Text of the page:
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OLDER readers will probably remember TV comedy The New Statesman starring Rik Mayall as Conservative MP Alan B’Stard which ran from 1987 to 1994.

According to Wikipedia, B’Stard was a selfish, greedy, dishonest, lecherous, ultra-right-wing Conservative backbencher who intentionally mismanaged a Tory election campaign so Labour would be blamed for an economic crisis.

During the period that the comedy was first on TV and then took to the stage, almost anything and everything happened to take the rise out of the Tory Party and politicians in general but even the writers Laurence Marks and Maurice Gran would have been hard pushed to dream up what has now become reality.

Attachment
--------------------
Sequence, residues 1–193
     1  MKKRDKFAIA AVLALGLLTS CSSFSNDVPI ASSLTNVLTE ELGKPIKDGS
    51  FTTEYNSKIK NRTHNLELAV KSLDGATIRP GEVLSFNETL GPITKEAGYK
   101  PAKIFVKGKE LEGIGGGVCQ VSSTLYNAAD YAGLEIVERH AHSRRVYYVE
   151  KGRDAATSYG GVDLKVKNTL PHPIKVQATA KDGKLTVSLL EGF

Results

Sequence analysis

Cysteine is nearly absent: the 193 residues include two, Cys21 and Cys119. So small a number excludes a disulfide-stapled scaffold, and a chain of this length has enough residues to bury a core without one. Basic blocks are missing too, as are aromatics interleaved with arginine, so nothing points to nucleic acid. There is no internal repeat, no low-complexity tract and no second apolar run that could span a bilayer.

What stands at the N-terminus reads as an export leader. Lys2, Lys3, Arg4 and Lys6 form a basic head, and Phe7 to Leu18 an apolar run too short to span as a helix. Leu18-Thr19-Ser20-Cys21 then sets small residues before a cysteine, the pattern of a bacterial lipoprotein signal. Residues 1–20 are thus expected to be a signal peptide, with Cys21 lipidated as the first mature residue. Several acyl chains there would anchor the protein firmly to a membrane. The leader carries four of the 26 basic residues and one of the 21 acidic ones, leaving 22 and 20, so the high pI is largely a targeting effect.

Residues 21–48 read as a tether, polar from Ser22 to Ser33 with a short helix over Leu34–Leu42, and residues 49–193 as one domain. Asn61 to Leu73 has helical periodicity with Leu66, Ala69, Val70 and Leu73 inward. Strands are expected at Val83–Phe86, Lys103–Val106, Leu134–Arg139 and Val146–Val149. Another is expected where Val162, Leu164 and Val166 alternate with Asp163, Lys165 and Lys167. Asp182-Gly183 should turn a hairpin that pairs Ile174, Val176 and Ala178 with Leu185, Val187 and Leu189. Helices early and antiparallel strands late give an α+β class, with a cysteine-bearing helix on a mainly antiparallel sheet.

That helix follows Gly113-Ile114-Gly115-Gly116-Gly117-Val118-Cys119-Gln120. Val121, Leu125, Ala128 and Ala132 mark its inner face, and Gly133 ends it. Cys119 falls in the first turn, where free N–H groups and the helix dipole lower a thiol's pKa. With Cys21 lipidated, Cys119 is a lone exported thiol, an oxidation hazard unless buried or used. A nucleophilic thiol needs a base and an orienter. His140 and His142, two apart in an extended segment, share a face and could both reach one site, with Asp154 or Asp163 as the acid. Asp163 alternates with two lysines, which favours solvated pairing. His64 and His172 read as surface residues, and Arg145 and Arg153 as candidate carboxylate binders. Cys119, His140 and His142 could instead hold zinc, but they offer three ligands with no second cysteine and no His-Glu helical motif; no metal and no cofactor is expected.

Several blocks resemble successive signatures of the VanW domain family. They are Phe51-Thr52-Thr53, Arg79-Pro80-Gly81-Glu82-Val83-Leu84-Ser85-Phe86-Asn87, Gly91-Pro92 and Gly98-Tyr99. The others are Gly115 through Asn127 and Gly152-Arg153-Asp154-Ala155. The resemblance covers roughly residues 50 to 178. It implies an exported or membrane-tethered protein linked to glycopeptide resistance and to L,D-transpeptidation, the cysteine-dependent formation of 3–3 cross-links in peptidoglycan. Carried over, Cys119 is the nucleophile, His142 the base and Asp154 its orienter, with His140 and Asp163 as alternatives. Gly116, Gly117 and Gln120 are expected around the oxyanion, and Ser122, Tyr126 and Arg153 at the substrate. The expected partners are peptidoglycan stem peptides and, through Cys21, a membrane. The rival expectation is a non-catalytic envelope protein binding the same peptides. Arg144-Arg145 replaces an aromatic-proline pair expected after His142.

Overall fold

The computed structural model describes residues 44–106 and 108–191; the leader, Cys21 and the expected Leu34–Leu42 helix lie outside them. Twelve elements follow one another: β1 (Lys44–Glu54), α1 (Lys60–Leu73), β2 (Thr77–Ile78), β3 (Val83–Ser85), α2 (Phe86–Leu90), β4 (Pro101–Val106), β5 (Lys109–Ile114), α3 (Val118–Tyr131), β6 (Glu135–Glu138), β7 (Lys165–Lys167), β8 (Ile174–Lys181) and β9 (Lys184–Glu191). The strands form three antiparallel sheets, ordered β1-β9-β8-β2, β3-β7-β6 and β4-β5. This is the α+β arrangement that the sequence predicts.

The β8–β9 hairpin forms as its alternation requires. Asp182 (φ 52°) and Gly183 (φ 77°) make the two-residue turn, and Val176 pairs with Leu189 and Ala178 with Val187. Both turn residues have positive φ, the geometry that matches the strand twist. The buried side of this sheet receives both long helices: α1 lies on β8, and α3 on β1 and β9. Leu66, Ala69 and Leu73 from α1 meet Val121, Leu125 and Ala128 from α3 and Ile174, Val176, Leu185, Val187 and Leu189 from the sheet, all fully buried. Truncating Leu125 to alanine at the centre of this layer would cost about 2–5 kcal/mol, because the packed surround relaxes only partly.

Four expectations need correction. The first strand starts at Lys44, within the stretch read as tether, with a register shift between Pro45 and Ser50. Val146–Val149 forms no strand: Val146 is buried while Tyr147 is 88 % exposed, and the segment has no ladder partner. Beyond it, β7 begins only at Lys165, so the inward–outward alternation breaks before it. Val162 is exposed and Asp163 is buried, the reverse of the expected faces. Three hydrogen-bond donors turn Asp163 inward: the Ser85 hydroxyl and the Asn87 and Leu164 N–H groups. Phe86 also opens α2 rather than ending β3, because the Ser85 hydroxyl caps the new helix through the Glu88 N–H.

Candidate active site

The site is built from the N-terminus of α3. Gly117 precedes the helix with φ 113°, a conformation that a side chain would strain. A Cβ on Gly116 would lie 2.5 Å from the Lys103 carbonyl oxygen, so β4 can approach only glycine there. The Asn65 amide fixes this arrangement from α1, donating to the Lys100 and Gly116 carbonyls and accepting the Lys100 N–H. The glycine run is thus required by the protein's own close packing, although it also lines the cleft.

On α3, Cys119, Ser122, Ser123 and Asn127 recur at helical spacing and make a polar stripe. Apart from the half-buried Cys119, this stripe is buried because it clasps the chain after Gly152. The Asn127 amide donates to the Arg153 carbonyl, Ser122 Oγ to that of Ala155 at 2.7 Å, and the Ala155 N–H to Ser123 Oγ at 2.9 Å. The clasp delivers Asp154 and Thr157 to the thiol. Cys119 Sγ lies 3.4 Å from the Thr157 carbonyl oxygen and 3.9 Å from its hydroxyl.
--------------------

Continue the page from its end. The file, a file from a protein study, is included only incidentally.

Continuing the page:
In 1865, politician and reformer John Bright said “England is the mother of parliaments” and certainly until recently, Westminster was considered a beacon of democracy around the world for centuries but sadly no longer.

The last 10 years or so have seen so many scandals and misjudgements by the UK parliament especially with the Brexit referendum that for many of us it reinforces the fact that we are lucky to have found a new home in our adopted country of Spain.

Naturally, not everything is perfect here and there have been plenty of allegations of corruption, nepotism and simple mismanagement but things don’t appear to be as bad as they are in the UK.

There will be a general election in Spain before the end of 2023 and there could well be some changes but whilst many are calling for a British general election now rather than another leadership competition, it seems unlikely when so many Conservative MPs face losing their seats according to opinion polls.

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